AIDS and Behavior

, Volume 22, Issue 4, pp 1395–1409 | Cite as

A Study of the Longitudinal Patterns of Stimulant and Amyl Nitrite Use and Sexual Behavior Pre- and Post-HIV Seroconversion Among MSM

Original Paper

Abstract

The use of stimulant drugs alone or in combination with amyl nitrites (stimulant/nitrites) has been associated with higher rates of risky sexual behavior and predictive of HIV infection among men who have sex with men. However, the temporal pattern of stimulant/nitrite use pre- and post-seroconversion has not been well established. This study assessed changes in stimulant/nitrite use and risky sexual behavior among seroconverting MSM over time. Data were collected in the Baltimore-Washington, DC; Pittsburgh; Chicago; and Los Angeles sites of the Multicenter AIDS Cohort Study (MACS), a longitudinal study of the natural history of HIV infection among MSM. We used propensity scores to select 1044 MSM from 7087 MACS participants composed of 348 seroconverting, 348 seronegative, and 348 seroprevalent participants matched on demographics, recruitment cohort, and study visits. We centered up to four-years of semi-annual data around the seroconversion visit of the seroconverting case within each matched group of participants. Mixed effects regressions estimated the effects of serostatus, recruitment cohort, and time on self-reported stimulant/nitrite use, numbers of male intercourse partners, and numbers of unprotected receptive anal intercourse (URAI) partners. Covariates included demographics, binge drinking, and marijuana use. Seroconverters had the highest odds of stimulant/inhaled nitrite use (AOR 10.3, CI 4.8–22.0), incident rates of intercourse (IRR 1.6, CI 1.3–2.1), and URAI partners (IRR 5.1, CI 3.5–7.3). All participants decreased drug use and sexual risk behavior over time. However, the decreases were largest for seroconverters who nevertheless maintained the highest rates of stimulant/nitrite use and sexual risk. Cohort-related effects were associated with sharp reductions in stimulant/nitrite use and URAI in the early 1990s that rebounded considerably within the first decade of the 2000s. Although all participants decreased risky sexual behavior and stimulant and/or nitrite use over time, seroconverters had the largest decreases. There was no evidence for abrupt or substantial increases in drug use or risky sex post-seroconversion. However, there was substantial variation at the individual level, with the factors underlying this variation not well understood and worth further study. Moreover, stimulant/nitrite use and risky sexual behavior appear to have been strongly influenced by contextual historical and socio-cultural effects. The manner in which contextual factors influence individual behavior is also not well understood and also warrants further study.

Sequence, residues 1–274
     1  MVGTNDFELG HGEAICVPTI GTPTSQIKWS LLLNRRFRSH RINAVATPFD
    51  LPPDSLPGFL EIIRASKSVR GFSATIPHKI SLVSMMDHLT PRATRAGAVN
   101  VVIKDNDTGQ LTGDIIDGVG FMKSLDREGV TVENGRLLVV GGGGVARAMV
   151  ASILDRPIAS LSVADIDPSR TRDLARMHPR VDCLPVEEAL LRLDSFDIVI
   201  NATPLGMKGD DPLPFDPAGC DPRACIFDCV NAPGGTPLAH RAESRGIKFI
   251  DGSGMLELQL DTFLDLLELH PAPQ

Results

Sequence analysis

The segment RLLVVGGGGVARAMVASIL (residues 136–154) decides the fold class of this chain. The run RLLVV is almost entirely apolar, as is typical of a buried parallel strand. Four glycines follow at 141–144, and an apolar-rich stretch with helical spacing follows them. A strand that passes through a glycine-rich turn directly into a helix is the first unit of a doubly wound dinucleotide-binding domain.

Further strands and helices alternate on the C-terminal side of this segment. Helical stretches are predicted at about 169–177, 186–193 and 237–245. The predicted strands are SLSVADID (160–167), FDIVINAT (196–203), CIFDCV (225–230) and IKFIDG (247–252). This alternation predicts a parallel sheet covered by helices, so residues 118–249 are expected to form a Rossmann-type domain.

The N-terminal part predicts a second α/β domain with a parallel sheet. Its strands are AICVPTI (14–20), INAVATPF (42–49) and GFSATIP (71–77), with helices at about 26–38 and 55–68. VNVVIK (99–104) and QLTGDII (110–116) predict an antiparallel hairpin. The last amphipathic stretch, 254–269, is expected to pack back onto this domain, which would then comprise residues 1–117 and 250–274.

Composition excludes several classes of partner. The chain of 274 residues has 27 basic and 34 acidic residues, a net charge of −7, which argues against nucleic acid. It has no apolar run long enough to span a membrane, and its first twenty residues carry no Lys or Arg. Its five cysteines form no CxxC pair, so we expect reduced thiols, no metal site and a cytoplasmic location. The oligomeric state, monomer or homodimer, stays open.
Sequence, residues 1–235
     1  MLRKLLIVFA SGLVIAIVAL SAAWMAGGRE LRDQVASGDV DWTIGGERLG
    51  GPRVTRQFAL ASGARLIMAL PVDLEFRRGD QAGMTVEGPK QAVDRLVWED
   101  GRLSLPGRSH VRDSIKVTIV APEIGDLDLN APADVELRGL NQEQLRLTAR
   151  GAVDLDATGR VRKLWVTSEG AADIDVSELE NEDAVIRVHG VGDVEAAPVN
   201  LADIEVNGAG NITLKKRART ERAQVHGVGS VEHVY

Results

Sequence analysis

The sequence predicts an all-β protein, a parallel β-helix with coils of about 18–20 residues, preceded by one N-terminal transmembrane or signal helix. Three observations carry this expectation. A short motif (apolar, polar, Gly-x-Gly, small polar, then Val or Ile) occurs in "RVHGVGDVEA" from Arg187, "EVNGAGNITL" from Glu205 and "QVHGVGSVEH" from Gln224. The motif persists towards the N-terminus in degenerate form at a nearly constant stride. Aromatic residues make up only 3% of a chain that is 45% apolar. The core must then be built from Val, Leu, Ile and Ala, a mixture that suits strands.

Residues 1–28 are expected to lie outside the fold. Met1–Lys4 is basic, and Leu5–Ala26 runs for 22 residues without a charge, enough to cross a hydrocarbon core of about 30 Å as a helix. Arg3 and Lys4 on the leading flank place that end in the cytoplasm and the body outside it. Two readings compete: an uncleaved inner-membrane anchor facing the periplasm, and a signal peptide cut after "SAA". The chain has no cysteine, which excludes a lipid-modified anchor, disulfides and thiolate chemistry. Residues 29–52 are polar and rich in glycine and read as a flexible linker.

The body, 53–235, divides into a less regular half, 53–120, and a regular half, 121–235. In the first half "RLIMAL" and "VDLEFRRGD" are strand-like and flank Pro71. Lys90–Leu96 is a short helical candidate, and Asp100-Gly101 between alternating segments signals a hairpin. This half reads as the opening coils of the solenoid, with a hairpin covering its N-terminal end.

Keywords

Stimulant use Amyl nitrites Poppers MSM HIV Multi-site AIDS Cohort Study MACS Longitudinal study 

Notes

Acknowledgements

Data in this manuscript were collected by the Multicenter AIDS Cohort Study (MACS) and their participants. MACS (Principal Investigators): Johns Hopkins University Bloomberg School of Public Health (Joseph Margolick), U01-AI35042; Northwestern University (Steven Wolinsky), U01-AI35039; University of California, Los Angeles (Roger Detels, Oto Martinez-Maza), U01-AI35040; University of Pittsburg (Charles Rinaldo), U01-AI35041; the Center for Analysis and Management of MACS, Johns Hopkins University Bloomberg School of Public Health (Lisa Jacobson, Gypsyamber D’Souza), UM1-AI35043. The MACS is funded primarily by the National Institute of Allergy and Infectious Diseases (NIAID), with additional co-funding from the National Cancer Institute (NCI), the National Institute on Drug Abuse (NIDA), and the National Institute of Mental Health (NIMH). Targeted supplemental funding for specific projects was also provided by the National Heart, Lung, and Blood Institute (NHLBI), and the National Institute on Deafness and Communication Disorders (NIDCD). MACS data collection is also supported by UL1-TR001079 (JHU ICTR) from the National Center for Advancing Translational Sciences (NCATS) a component of the National Institutes of Health (NIH), and NIH Roadmap for Medical Research. The contents of this publication are solely the responsibility of the authors and do not represent the official views of the National Institutes of Health (NIH), Johns Hopkins ICTR, or NCATS. The MACS website is located at http://aidscohortstudy.org/.

Compliance with Ethical Standards

Conflict of interest

None to report

Ethical Approval

This article does not contain any studies with human participants performed by any of the authors.

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Copyright information

© Springer Science+Business Media, LLC, part of Springer Nature 2017

Authors and Affiliations

  1. 1.Jane Addams College of Social WorkUniversity of Illinois at ChicagoChicagoUSA
  2. 2.Department of Social WorkCalifornia State UniversityNorthridgeUSA

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